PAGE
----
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The Cambridge History of Egypt
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    Jones, Linda G. 2012. Islām al-kāfir fÄ« ḥāl al-juá¹­ba: sobre la conversión de los “infieles” al Islam durante el sermón del viernes en el Egipto mameluco. Anuario de Estudios Medievales, Vol. 42, Issue. 1, p. 53.

  • Volume 1: 640–1517
  • Edited by Carl F. Petry, Northwestern University, Illinois

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The Cambridge History of Egypt offers the first comprehensive English-language treatment of Egyptian history through thirteen centuries, from the Arab conquest to the present day. The two-volume survey considers the political, socio-economic and cultural history of the world's oldest state, summarizing the debates and providing insight into controversies. As Egypt reclaims a leading role in the Islamic, Arab and Afro-Asian worlds, the project stands as testimony to its complex and vibrant past. Volume 1 addresses the period from the Arab invasion in 640 to the Ottoman conquest in 1517. It opens with a discussion of the preceding centuries to illustrate the legacy of ancient Egypt, and then progresses chronologically according to the major dynastic episodes. Authors have been encouraged to address their topics in the light of new research.


Review of the hardback:‘… a fine addition to any personal or institutional library with interest in the Islamic world … the authors and editors are to be congratulated.’

Source: Journal of the American Oriental Society

Review of the hardback:' … this excellent volume is a reliable summary of recent research in the field.'

Amalia Levanoni - University of Haifa

Review of the hardback:‘… a notable scholarly achievement … the main contribution of the editor, Carl F. Petry, in making this book an important landmark in the modern historiography of Muslim Egypt, lies in his broad vision of the history of Egypt and its people.’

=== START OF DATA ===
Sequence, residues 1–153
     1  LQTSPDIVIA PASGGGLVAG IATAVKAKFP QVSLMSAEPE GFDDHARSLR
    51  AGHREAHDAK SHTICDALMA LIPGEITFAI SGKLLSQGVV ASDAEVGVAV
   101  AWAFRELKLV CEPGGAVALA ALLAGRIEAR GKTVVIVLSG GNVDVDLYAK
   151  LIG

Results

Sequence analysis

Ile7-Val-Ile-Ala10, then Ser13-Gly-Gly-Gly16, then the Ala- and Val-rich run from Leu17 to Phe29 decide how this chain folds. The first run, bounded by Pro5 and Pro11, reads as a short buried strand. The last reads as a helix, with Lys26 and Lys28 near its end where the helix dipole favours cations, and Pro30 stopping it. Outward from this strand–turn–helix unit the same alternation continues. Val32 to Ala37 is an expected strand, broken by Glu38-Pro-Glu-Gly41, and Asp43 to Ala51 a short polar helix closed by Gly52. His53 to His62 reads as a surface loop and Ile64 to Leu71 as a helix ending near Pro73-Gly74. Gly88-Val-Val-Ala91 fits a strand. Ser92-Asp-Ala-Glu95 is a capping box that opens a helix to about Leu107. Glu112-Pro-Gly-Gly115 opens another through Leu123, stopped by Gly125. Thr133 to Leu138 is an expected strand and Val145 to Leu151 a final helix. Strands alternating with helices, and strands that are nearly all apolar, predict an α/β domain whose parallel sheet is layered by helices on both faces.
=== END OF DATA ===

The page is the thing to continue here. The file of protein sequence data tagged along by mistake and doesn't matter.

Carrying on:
Source: Jerusalem Studies in Arabic and Islam

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  • 1 - Egypt under Roman rule: the legacy of ancient Egypt
    pp 1-33
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    Long-standing assumptions regarding the unique status of Egypt have been based upon a perceived uninterrupted continuity of agricultural life for the great mass of the Egyptian peasantry. Always primarily an agricultural society, Egypt was uniquely dependent for its survival upon the Nile flood waters, harnessed by an extensive network of local irrigation canals. Regardless of language, ethnicity or religion, scribes of Ptolemaic, Roman and Byzantine Egypt utilized almost exclusively the indigenous system. Deprived of most civil and military offices during the long centuries of foreign domination, prominent Egyptian families had turned instead to the temples as their source of income and prestige. Mixed marriages between Egyptians and Greeks were increasingly common. On the political level, Roman efforts to enforce security in Egypt were largely successful until the third century, and an overview of the official history of the province is fairly straightforward.
  • 2 - Egypt on the eve of the Muslim conquest
    pp 34-61
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    Many aspects of Egypt's economy, social structure and spiritual outlook during Late Antiquity persisted into the early seventh century. Egypt returned to Byzantine authority in late 629 but in another five years the Muslim menace became apparent. Surviving Byzantine sources at Constantinople probably owe some of their information to Arab Christian traditions and transmission. They are so fragmentary in their coverage that it would be impossible to understand the Muslim conquests of Egypt by relying exclusively on them. Egypt remained relatively prosperous after the Persian departure. The resumption of coastal trading and the end of the Persian occupation helped to revive the economy of Alexandria and other coastal towns. Egypt had provided financial support for military operations in Syria and many earlier campaigns. The imposition of a heavy tribute on the province temporarily forestalled a Muslim invasion.